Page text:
Why no notifications on Wind speed for my blinds?
#2

Here’s a variation on the `Set piston state`:

‘[b “OrangeRed” | = {formatDateTime(time(\$sunset-\$sunrise), “h”)}h {formatDateTime(time(\$sunset-\$sunrise), “mm”)}m of sunlight]’

Which yields something like this:

But I think we loose a couple of minutes of accuracy if this variation runs after sunrise.
(Best ran some time between 12:01am and 5am)

#3

That looks like a fun piston. Could you post the whole piston so I can copy it? Also, maybe you did it already, but after it is going, you could have the piston do the calcs so you would not need to do them again for next year.

#4

Maybe you can try using formatDuration(), it’s can provide precision up to ms

#5

I actually have the entire piston shown above. Although I did split it up into two pistons. One runs shortly after midnight to find the length of that day. (this is the heavy math section at the top) And one piston simply draws the gauge. (shown at the bottom of my first post) Unfortunately, this is not one of those pistons you can simply import to have it be accurate for you. You actually have to do the math (only once), and then the piston will work for years without editing it again. (the day of the solstice changes slightly each year, but the longest day and shortest day are practically the same duration. (I saw a 1-2 second variance in ten years)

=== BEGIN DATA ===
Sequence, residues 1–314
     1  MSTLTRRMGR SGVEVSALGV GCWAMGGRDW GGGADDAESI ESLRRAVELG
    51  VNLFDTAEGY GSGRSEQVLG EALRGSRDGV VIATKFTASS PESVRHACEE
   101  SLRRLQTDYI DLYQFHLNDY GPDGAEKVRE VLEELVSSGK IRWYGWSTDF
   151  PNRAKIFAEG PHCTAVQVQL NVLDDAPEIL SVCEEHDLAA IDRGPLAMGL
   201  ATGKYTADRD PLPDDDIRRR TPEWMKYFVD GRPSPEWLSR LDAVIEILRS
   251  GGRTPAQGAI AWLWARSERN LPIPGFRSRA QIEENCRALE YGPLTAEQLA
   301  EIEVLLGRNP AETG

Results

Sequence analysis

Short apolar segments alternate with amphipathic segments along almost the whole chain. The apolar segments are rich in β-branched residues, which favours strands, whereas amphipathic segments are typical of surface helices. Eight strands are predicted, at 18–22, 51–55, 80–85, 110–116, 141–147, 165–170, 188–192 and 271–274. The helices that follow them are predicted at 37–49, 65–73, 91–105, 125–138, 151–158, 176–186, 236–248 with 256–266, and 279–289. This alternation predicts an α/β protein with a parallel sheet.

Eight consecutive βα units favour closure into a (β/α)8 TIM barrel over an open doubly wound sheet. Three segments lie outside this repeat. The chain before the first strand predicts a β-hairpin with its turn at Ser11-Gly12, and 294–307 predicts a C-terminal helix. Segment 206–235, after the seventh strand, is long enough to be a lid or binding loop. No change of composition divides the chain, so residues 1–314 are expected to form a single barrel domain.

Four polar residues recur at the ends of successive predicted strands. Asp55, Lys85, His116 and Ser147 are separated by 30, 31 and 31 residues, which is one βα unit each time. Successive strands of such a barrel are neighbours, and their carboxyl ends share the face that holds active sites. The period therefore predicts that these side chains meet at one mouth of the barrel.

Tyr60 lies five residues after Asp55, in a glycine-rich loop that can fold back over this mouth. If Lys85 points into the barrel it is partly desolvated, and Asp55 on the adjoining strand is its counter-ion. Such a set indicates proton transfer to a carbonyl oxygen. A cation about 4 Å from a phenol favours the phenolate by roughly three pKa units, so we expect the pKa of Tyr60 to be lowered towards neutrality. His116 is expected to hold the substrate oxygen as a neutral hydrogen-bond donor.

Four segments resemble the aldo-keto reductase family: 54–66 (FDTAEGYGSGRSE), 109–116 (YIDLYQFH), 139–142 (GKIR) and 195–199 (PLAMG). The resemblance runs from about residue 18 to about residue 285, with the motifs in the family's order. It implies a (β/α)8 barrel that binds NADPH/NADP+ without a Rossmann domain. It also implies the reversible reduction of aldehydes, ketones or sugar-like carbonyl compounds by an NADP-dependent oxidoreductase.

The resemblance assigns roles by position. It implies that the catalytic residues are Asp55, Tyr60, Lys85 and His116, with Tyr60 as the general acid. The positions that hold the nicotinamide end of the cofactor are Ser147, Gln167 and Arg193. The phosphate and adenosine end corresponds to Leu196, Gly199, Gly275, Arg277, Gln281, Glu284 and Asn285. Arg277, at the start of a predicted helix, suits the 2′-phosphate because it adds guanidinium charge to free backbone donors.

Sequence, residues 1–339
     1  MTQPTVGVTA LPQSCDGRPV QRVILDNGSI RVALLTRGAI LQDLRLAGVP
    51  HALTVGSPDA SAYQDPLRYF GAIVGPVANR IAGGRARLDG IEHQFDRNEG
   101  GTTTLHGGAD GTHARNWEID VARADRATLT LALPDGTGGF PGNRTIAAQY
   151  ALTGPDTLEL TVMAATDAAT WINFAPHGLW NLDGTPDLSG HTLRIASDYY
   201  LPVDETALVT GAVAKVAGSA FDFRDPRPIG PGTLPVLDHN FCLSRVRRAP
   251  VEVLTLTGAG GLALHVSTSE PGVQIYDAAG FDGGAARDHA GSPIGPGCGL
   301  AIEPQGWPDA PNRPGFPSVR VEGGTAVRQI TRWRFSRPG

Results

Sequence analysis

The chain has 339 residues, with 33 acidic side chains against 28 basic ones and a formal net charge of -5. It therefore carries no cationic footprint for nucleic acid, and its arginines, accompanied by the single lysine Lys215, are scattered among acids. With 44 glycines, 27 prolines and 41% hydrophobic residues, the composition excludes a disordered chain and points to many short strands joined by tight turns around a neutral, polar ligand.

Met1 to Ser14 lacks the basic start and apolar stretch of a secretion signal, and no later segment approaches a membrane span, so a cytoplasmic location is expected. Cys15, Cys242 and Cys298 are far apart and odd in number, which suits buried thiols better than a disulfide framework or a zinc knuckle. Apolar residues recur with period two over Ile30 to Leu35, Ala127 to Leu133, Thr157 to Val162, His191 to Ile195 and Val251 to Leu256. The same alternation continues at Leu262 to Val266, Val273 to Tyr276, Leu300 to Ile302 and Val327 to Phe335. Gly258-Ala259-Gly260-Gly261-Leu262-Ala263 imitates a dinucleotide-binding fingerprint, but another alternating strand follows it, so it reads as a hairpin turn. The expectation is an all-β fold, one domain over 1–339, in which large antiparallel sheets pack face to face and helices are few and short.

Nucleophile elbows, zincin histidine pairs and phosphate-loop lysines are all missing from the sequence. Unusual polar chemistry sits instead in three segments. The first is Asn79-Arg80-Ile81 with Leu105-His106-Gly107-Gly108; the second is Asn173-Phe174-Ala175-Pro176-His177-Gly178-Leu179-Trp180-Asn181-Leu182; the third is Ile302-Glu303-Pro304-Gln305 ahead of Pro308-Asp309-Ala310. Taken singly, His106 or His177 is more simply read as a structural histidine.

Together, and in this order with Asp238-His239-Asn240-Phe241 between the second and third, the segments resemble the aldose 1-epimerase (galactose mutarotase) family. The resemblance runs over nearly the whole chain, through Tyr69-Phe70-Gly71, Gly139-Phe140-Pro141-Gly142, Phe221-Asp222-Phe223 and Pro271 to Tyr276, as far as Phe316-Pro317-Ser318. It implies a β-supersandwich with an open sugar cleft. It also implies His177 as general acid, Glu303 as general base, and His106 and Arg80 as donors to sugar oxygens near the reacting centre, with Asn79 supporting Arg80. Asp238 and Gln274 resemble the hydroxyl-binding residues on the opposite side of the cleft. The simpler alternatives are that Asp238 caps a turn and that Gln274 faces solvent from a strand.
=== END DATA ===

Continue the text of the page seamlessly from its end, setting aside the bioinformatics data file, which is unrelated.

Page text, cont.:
But, at your request, here is my piston in it’s entirety. I removed the numbers for my location, so you still have to do the math, but maybe the image will help visually. (although I recommend following my steps in my first post for the actual math)

Here is my piston to get the current day length, and convert it into a scale from 0 to 100:

And here’s my simple piston to draw the gauge
(although nobody is stopping you from combining these two pistons into one):

If you need help with the math section for your city, I would be glad to help. I just don’t want to publish code that is only accurate for one person (me).

#6

I do use that formula in my code, but webCoRE and www.timeanddate.com both round to the nearest second.

#7

for the precision, you can use ‘ms’, for example, formatDuration(\$sunset - \$sunrise, false, ‘ms’)

#8

Interesting. Every time I tested that in the console, it was always in whole seconds. No milliseconds when querying webCoRE.

#9

well I guess webcore itself doesn’t have the precise ms precision when it comes to \$sunrise and \$sunset, you can see from the variables list that it’s rounded to minutes even… Not sure if it’s true? @ady624

#10

Good point pauly. I just did a test with mine, as long as the preliminary math is precise (mine is 21 decimals long), the final answer should be within 0.43% of accuracy.

So, for example, assuming the worst, where:
10:20:29:999 rounds down to 10:20
and 2 milliseconds later
10:20:30:001 rounds up to 10:21

The final output will always be within 0.43% of accuracy. For a birds eye view of the entire year, I think this is an acceptable margin of error. (Although my gauge will become even more accurate if webCoRE starts giving us more precise sunrise & sunset times.)

#11

Sorry to be a pain, but if you save the using the green camera, then paste that image here, then I can use the import code to import your piston directly. That will save me from typing it all in and getting it wrong because of a typo.

#12